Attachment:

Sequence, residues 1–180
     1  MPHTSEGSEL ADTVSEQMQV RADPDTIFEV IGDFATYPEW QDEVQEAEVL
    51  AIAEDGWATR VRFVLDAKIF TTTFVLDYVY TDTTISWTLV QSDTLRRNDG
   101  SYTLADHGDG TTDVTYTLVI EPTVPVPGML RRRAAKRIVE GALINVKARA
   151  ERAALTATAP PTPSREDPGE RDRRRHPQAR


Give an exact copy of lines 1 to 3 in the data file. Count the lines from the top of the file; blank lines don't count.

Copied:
Sequence, residues 1–180
     1  MPHTSEGSEL ADTVSEQMQV RADPDTIFEV IGDFATYPEW QDEVQEAEVL
    51  AIAEDGWATR VRFVLDAKIF TTTFVLDYVY TDTTISWTLV QSDTLRRNDG